New GCSE English grading system will leave future generations deprived of communication skills

May 1, 2013
Category: Blog

see hear speak

Ofqual are proposing to remove the speaking and listening element from the final result of future English GCSEs on the premise that it will make a fairer system. According to them, last year’s historic cock up, where 45,000 students had their grades changed, was due to the current inclusion of speaking and listening into the overall grade. Was it not more to do with the fact that they changed the grade boundaries half way through the year?
What seems amazing is that they believe that by removing the speaking and listening element, they are creating a ‘fairer’ system. Fairer for who? If this proposed system is implemented, it will enable those who are good at reading and writing to get even better grades than in the current system and those that find this part of the exam tougher, at a bigger loss. And anyway, how can anyone consider that any GCSE, let alone English, assesses students properly if it only marks the reading and writing abilities of an individual? How can these exams prepare people for life if they exclude half of the communication process? People need to have speaking and listening integrated into subject syllabus criteria in order to prepare them for job interviews, to help them to articulate themselves and to make sure that they can listen and respond effectively when dealing with people and problems face to face.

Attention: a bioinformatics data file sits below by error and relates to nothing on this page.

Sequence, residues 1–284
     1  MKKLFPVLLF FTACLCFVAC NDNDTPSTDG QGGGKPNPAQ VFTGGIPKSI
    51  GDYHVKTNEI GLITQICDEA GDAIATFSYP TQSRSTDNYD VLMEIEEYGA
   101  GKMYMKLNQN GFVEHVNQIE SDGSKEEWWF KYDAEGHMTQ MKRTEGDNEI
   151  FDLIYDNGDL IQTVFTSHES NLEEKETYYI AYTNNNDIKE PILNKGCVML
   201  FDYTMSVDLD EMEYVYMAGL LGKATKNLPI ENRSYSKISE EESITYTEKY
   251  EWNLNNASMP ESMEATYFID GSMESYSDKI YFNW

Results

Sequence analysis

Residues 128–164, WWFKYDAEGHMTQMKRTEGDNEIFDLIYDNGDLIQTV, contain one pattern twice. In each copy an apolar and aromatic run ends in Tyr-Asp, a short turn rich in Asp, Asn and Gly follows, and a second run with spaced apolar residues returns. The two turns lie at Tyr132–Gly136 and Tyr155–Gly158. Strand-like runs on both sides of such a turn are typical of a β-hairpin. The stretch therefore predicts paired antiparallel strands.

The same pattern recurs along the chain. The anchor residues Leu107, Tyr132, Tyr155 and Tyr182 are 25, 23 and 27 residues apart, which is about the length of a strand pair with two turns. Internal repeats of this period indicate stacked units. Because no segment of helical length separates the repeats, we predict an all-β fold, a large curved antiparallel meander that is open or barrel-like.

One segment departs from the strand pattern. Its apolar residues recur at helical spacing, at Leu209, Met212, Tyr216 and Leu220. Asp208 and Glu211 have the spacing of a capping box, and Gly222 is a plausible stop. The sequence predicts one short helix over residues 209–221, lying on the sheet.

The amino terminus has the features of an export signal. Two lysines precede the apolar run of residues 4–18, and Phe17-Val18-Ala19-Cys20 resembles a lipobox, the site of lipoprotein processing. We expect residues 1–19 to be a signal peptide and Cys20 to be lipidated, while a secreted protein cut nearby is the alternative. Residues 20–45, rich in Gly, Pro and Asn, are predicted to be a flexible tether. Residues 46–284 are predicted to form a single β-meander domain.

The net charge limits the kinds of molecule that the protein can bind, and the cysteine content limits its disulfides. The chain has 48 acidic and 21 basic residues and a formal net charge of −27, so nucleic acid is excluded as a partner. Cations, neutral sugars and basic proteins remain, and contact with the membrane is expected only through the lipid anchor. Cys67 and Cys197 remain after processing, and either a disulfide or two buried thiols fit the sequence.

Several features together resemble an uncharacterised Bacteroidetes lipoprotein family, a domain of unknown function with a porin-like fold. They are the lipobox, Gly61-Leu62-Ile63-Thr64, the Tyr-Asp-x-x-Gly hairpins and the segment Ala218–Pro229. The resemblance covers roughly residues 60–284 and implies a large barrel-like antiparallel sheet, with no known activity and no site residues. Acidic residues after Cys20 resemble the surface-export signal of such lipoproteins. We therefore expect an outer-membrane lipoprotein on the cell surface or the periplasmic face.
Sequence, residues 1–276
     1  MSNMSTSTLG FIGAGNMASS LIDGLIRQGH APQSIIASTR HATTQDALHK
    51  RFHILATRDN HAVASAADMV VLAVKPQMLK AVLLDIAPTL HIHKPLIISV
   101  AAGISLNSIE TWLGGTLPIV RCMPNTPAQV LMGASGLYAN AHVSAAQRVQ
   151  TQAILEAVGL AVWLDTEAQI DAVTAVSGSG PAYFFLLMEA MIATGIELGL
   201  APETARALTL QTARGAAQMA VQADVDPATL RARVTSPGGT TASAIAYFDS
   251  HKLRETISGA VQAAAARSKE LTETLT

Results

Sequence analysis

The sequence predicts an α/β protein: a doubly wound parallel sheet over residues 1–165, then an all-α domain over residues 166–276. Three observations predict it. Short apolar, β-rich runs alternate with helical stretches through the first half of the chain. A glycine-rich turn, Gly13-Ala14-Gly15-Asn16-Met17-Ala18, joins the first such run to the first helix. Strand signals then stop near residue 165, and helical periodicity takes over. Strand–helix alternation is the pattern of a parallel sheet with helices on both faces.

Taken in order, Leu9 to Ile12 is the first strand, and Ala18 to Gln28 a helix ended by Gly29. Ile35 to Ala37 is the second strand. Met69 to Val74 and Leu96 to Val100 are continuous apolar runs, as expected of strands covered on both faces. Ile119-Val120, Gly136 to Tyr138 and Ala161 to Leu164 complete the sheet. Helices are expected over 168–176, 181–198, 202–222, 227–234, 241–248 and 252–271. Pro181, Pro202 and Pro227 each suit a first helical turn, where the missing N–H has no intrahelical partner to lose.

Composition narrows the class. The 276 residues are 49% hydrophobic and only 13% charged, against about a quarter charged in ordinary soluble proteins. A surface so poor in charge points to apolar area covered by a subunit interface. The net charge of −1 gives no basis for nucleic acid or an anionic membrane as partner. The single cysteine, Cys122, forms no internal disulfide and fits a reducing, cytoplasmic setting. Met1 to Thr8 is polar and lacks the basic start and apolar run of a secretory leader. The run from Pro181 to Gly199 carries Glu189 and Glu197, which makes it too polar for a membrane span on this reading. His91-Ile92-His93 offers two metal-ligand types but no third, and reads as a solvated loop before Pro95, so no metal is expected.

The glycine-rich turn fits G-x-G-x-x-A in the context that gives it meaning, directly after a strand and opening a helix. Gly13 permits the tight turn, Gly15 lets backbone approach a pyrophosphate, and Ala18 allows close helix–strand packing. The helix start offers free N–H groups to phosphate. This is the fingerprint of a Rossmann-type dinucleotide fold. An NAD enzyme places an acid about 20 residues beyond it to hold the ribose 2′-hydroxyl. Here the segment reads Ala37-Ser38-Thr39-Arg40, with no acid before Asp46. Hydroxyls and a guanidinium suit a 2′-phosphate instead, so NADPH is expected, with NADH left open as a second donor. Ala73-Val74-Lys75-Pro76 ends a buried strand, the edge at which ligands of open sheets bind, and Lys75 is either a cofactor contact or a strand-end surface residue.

Whilst Ofqual seem to be of the thinking that ‘teachers will not need to change the way that they teach’ it can only be seen as inevitable that this element of education will disappear owing to current pressures to achieve in league tables and exam results. If speaking and listening is removed from the overall grade of GCSEs, the result which is deemed the most important to league tables and students alike, it will quickly become a neglected part of the education system. This can be seen with the decline of grammar within the UK in recent times. A generation of students did not have their written grammar counted towards their final grades and as a result teachers stopped teaching it, and consequentially we have a generation of people that don’t know their nouns from their verbs nor their subjects from their objects.
Whilst it is clear that there is concern with the in-house marking of the speaking and listening elements of the exam, there needs to be another solution which will not leave a future generations of students deprived of this invaluable form of communication which will prepare them for life.

Read more about Ofqual’s proposals here:
Let us know your thoughts,
love RB


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